How to Secure Awesome Coverage When a Major News Story is Breaking
Getting great coverage for your clients isn’t always easy. It takes creativity, determination, and strategy.
The task becomes even more difficult when a major, global news story is breaking, and that becomes the only topic that editors are interested in.
As a PR person working with healthcare clients, it seems as though every reporter is looking to link their stories to Ebola in anyway they can. If that’s not an option for you, as it isn’t for me, here are some tips that will help ensure that your clients get the visibility they deserve.
1. Address the obvious. Attention grabbing subject lines that acknowledge the “crisis” are a must. Examples might include: “Stop reading about Ebola and read my pitch” or “Not another Ebola story idea”.
2. Utilize your “friendly” contacts. Establishing relationships with reporters and staying in touch, even when you have no news, is important. Building these relationships over time can lead to you becoming a reliable and credible resource for the reporter, and as a result, one that can reach out no matter what is going on in the world.
3. Get personal. I imagine that reporters loathe the standard “Hi, here is my press release, please speak with X and write an article.” Actually, I’m not imagining it…reporters despise emails like this. Acknowledge that you know what the reporter covers, reference the awesome article or Tweet he or she just posted, and why your client/product would be such a great fit. This can move mountains, and it is how many friendly relationships begin (see above).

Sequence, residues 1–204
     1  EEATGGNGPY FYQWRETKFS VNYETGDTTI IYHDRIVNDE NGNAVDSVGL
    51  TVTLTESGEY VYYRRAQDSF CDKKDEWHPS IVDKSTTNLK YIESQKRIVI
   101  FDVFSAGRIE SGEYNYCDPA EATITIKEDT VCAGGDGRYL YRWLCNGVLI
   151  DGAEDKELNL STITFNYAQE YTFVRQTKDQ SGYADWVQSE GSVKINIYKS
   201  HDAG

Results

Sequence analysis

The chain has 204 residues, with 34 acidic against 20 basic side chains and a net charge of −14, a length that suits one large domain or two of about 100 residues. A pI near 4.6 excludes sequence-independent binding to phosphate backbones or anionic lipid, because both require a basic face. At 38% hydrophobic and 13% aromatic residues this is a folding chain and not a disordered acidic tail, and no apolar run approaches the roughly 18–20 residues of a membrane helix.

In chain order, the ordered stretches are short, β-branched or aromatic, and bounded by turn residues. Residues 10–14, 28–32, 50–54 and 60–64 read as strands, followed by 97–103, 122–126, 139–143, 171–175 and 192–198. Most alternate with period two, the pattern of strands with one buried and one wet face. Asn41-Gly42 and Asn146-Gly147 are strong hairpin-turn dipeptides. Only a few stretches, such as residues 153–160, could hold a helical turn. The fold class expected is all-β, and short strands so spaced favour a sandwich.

4. Widen your net. You’re trying to secure coverage for your client with a health-related product in the middle of a health crisis. Avoid reaching out to general news, breaking news and main health editors. Expand your reach and try to think of unexplored avenues – what about women’s health outlets, natural health outlets (if applicable), or mommy blogs?
5. Social media is your friend. After you have flooded the inbox of the reporter who is just so perfect for this pitch and you know it deep down, so much that it hurts with 7 “just following-up” emails, it’s time to try a different route. Follow the reporter on Twitter, connect on LinkedIn, invite him or her to like your client’s product/company page on Facebook, and start following up. Plus, the limited characters will help you to avoid babbling on and on – make it short, sweet and convincing. Example: @reporter, being an annoying PR girl, bc I really want to introduce you to [product]. Know it would be a great fit. Best way to connect?
Post by Maggie Deiseroth, Strategist